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WILLIAM VON HUMBOLDT.                  373
allied powers declared at once that they only acted in
concert in the name of Europe, and in meetings which,
were to be reported. On the 6th, already the French
ambassador complained that it was evident the four
deputies, counting the three English as one, had
received the same instructions, and that they did not
say a word without having first all agreed to it: and
this was indeed the case. After prolonged debates,
in which the terms demanded by the French varied
with the fortune of the war, the congress was broken
up on the 15th March3 without having come to any
But Napoleon's day had come. The courage of the
Silesian army and the union of the various forces,
opened the way to Paris. Napoleon was defeated, the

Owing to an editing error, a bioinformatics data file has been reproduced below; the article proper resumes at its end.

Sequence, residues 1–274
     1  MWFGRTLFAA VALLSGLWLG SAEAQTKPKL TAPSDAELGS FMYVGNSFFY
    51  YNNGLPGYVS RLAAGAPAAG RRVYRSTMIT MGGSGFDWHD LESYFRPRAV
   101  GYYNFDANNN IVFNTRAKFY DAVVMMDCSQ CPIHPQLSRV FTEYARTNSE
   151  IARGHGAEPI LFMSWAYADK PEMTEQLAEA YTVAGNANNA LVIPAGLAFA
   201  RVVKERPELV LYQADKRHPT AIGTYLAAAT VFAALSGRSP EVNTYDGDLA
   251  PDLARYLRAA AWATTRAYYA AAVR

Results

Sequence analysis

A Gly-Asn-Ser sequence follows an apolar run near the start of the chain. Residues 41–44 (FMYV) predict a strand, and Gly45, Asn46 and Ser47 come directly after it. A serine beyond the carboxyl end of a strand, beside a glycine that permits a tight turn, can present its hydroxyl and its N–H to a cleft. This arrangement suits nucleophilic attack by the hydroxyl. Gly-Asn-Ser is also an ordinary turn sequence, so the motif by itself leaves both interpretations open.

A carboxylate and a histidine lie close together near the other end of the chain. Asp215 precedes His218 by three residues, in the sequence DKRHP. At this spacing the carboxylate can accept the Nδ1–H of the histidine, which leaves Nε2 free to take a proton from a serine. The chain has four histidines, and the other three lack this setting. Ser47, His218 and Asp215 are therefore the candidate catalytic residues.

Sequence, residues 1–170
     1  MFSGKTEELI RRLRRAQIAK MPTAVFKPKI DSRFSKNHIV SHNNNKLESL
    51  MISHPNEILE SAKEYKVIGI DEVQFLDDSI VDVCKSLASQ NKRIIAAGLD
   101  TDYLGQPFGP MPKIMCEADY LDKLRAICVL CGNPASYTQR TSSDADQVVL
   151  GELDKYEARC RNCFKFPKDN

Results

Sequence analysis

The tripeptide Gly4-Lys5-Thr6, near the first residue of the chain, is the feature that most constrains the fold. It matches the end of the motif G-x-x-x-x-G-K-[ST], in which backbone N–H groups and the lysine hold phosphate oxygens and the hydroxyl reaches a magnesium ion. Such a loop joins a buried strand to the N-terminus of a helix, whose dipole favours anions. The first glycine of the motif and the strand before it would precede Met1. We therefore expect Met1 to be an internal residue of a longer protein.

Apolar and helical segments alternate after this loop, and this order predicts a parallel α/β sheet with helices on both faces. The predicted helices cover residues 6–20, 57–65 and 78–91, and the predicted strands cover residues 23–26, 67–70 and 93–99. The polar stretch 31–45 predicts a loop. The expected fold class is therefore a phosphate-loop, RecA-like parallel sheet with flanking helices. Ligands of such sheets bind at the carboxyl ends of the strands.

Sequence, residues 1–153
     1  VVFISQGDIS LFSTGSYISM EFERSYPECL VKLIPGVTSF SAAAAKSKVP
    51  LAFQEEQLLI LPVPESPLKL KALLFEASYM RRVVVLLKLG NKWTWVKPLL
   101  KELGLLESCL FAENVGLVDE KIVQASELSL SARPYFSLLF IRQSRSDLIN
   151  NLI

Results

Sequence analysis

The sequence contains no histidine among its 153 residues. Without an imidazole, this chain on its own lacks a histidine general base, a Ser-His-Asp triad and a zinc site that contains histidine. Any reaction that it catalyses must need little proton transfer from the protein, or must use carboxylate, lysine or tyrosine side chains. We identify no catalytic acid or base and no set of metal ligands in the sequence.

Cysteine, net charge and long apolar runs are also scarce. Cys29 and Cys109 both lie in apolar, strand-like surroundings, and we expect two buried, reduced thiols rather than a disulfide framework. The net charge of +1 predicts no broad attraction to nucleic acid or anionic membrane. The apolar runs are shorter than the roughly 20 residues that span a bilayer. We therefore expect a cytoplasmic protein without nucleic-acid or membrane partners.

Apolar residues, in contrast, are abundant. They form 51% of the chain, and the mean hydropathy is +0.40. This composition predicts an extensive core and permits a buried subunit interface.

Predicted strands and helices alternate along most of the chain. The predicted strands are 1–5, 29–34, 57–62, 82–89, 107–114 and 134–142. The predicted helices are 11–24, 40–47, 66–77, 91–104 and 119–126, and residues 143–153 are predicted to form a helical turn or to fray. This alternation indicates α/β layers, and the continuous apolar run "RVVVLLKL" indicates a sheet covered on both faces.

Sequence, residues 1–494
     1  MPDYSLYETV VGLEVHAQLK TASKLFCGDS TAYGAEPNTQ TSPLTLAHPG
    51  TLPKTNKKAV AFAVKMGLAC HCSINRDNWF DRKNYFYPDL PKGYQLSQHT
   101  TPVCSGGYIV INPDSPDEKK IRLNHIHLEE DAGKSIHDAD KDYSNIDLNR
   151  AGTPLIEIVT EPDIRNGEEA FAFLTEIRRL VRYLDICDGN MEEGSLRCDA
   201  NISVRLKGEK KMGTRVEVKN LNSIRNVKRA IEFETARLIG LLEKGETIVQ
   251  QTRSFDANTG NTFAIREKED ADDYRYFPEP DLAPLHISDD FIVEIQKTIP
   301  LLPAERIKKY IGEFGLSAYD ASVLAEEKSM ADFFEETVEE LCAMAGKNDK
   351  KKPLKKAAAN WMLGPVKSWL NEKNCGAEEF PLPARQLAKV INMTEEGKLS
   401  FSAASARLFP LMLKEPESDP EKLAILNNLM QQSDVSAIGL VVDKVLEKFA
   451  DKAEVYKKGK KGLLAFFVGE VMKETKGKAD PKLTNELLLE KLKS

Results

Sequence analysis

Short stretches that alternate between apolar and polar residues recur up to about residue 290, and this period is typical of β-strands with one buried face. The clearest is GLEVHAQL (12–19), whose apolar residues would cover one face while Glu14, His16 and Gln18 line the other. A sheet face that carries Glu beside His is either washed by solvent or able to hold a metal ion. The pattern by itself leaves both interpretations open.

Bourbons returned, and on the 31st March the Em-
peror Alexander and Frederic William entered Paris.
Their ministers and diplomatists followed them on the
7th and 8th April.
Paris was not new to Humboldt; he found old
friends among Frenchmen and Germans. There was
the Count Schlabrendorf, Oelsmer, A W. Sehlegelj
Madame de Stael, B. Constant^ and many others;
but above Stll, his beloved brother, whose society must
have afforded him much delight, although the king
claimed him frequently as a guide. He also made many
new friends here, and became acquainted with most
of the political greatnesses of the day, such as Count
Miinster, Lord Castlereagh, and from this time
dates his friendship with the two celebrated Prussian
generals, Gneisenau and Blucher.
He was soon, however, wanted for business, and
first to take part .an the conferences for the first Paris
peace.    The preliminaries only were settled here, and
a congress appointed to take place in Yienn% .iwihm
the whole would be definitively arranged,    When the
Paris conferences were over, the Prince Segent^-of
England invited the monarchs and their eoOTfes'to -visit
England.    Humboldt accompanied his king, and was
received with distinction by the, Begent.    They re-